OTO Bodycare Pte Ltd v Hiew Keat Foong

JudgeTay Yong Kwang J
Judgment Date27 July 2005
Neutral Citation[2005] SGHC 133
CourtHigh Court (Singapore)
Published date28 July 2005
Plaintiff CounselWong Siew Hong (Infinitus Law Corporation) and Nandakumar Renganathan (T M Hoon and Co)
Defendant CounselWong Seow Pin (S P Wong and Co)
Subject MatterCivil Procedure,Injunctions,Defendant allegedly infringing plaintiff's trade mark and passing off product as plaintiff's,Whether injunction should be granted against defendant,Trade Marks and Trade Names,Infringement,Whether allegedly infringing trade mark similar to plaintiff's trade mark,Whether any likelihood of confusion,Section 27(2) Trade Marks Act (Cap 332, 1999 Rev Ed),Passing off,Elements of passing-off claim,Whether goodwill in plaintiff's name and mark,Whether goodwill in plaintiff's product
Citation[2005] SGHC 133

1 This action is in respect of infringement of the “OTO” trademark and of passing off with regard to the defendant’s use of the words “OTC Bodycare” and “Electro-Relaxologist” in connection with an electrical reflexology apparatus which the plaintiff distributes using the name “OTO Electro-Reflexologist”.

The plaintiff’s case

2 According to Yep Gee Kuarn (“Yep”), a director and shareholder of the plaintiff, the plaintiff has been in the business of importing, distributing and marketing fitness, health and body care products since 1993. It is the proprietor of the registered trademark “OTO” which covers, among other things, massage apparatus in Class 10, a category designated for medical and surgical equipment. The word “OTO” (“the plaintiff’s trademark”) is represented in italicised form and set in horizontally striped block letters in a rectangular background (see Annex A). Since 1999, the plaintiff adopted a slightly modified representation of the trademark (see Annex B) in that the word OTO is now in prominent, plain white block text with horizontal stripes on the lower half of the letters, set in a green box. In addition, there is the word “Bodycare”, also in plain white block text set out in smaller type than the word “OTO”, in a red box below the said green box. This new mark is awaiting registration. The central and distinctive theme is the word “OTO” in both instances.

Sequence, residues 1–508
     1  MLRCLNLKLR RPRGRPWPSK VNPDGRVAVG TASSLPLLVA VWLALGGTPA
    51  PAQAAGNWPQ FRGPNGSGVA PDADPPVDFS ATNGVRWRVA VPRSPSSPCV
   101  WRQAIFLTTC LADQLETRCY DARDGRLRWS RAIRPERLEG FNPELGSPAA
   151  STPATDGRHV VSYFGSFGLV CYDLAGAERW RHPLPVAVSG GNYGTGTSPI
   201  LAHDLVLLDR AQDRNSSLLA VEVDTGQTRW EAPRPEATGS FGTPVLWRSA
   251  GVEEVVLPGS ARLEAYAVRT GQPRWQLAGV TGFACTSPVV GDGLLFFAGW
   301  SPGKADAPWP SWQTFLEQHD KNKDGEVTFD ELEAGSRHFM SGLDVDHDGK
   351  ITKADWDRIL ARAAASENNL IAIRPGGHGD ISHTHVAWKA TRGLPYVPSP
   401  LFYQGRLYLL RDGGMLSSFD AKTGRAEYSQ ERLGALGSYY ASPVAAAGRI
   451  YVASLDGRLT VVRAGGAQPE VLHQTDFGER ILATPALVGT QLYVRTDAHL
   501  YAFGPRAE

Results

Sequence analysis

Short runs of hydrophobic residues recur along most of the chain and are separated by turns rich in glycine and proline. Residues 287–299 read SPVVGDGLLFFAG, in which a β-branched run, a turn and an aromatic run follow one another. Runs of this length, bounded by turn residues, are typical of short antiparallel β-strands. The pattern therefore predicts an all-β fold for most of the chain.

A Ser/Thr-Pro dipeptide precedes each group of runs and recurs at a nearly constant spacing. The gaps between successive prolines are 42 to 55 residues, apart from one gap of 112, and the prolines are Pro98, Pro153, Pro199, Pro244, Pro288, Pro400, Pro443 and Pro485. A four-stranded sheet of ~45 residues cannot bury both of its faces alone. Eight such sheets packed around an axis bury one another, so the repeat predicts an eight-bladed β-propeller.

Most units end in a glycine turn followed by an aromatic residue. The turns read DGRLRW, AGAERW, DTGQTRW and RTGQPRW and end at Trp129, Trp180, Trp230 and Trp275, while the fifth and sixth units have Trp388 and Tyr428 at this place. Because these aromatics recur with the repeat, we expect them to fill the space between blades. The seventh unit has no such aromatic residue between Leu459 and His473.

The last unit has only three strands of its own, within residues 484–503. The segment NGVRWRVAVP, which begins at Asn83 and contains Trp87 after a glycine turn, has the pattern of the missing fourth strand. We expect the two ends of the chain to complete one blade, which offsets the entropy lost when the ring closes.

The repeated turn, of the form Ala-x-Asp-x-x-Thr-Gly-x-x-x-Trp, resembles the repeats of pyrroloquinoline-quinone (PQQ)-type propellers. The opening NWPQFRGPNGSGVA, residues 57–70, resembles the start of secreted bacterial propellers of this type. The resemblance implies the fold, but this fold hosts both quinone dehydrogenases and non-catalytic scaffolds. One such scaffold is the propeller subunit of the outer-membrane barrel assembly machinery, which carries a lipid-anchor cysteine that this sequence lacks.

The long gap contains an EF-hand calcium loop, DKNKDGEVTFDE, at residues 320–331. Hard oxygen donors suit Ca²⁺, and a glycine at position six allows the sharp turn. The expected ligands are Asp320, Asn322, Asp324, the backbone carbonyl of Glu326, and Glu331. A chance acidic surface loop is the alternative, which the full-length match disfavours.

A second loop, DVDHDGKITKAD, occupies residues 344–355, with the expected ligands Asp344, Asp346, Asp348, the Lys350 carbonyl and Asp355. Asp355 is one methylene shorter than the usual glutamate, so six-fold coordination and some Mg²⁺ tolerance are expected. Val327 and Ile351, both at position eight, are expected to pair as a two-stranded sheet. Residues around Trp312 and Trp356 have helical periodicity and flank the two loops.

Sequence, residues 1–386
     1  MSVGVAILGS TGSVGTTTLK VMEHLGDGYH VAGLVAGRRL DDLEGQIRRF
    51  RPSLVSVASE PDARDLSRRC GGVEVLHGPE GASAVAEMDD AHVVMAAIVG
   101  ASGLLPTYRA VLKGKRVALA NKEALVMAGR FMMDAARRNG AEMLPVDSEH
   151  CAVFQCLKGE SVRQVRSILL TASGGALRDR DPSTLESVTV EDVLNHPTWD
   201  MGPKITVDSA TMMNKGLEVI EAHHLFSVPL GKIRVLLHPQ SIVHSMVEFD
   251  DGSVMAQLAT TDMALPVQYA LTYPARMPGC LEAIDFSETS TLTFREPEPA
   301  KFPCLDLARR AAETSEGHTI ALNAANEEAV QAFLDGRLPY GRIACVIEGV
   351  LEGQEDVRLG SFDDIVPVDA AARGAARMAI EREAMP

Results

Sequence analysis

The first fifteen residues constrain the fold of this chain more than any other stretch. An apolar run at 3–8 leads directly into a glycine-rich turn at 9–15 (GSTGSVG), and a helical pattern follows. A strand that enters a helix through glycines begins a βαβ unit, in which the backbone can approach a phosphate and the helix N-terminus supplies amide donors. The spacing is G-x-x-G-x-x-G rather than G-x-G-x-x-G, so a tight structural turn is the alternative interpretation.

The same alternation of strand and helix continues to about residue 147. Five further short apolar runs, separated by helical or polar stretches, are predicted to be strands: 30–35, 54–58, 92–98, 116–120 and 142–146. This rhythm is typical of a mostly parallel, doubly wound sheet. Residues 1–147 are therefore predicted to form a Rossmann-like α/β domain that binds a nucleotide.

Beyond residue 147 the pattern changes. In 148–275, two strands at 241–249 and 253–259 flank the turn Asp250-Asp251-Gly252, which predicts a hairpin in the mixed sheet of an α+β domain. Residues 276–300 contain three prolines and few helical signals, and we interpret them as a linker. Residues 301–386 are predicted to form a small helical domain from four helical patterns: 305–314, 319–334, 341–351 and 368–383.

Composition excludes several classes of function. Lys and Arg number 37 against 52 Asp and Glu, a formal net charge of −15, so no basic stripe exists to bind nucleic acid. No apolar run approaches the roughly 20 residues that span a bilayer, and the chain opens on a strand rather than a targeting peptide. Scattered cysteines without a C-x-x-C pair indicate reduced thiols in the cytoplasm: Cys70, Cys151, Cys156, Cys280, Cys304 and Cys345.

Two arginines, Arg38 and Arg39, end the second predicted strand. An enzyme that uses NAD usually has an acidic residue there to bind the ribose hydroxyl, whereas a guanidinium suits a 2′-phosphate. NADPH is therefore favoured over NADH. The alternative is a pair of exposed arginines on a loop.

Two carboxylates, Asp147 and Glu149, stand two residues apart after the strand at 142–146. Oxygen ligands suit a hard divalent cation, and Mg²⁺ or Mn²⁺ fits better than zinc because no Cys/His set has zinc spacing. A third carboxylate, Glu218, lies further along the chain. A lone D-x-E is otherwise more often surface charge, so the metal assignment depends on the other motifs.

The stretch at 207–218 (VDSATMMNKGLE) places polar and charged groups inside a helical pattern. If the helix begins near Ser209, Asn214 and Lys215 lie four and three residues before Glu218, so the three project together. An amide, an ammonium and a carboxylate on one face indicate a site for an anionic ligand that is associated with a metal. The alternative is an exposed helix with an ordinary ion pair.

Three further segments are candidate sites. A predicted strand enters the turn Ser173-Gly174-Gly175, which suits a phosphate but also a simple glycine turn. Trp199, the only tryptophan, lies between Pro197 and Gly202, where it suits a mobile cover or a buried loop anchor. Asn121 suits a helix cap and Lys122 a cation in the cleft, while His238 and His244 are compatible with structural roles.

3 In 2002, the plaintiff imported into Singapore an electrical reflexology apparatus which was developed, designed and patented in Korea by a manufacturer there in collaboration with a medical equipment company. This apparatus’ innovative circuitry was patented in 2000. After extensive testing of the apparatus, the plaintiff obtained the rights to market it in Singapore under its own trademark. The plaintiff also coined the term “Electro-Reflexologist” for this apparatus. It was also known as ER839.

4 The apparatus in question did not use rollers like other massage equipment. Instead, it used low-frequency electrical waves to simulate the traditional manual foot reflexology massage by stimulating the body’s muscles and organs through the nerve points on the feet. It was said that this improved blood circulation and promoted health generally.

5 The design of this apparatus featured a sloping rectangular platform angled to the horizontal floor so that the user could rest his feet comfortably on the platform. It had a plain, metallic casing with two rubberised pads on top, shaped like two feet, with each pad divided into seven separate areas. These pads were designed to guide the user intuitively to place his feet on them. The seven separate areas were designed to massage specific areas of the feet with the electrical waves in order to achieve optimal results from the reflexology session. A control panel was built in between the two rubberised pads.

6 The plaintiff asserted that there was goodwill associated with “OTO” and “Electro-Reflexologist”. When it launched the product here in June 2002, it was one of the first electrical reflexology products in the market. Although there were other brands in the market, their designs were dissimilar to that of the plaintiff. The plaintiff advertised extensively and promoted the product through various channels, spending some $1.857m on such advertisement and promotion.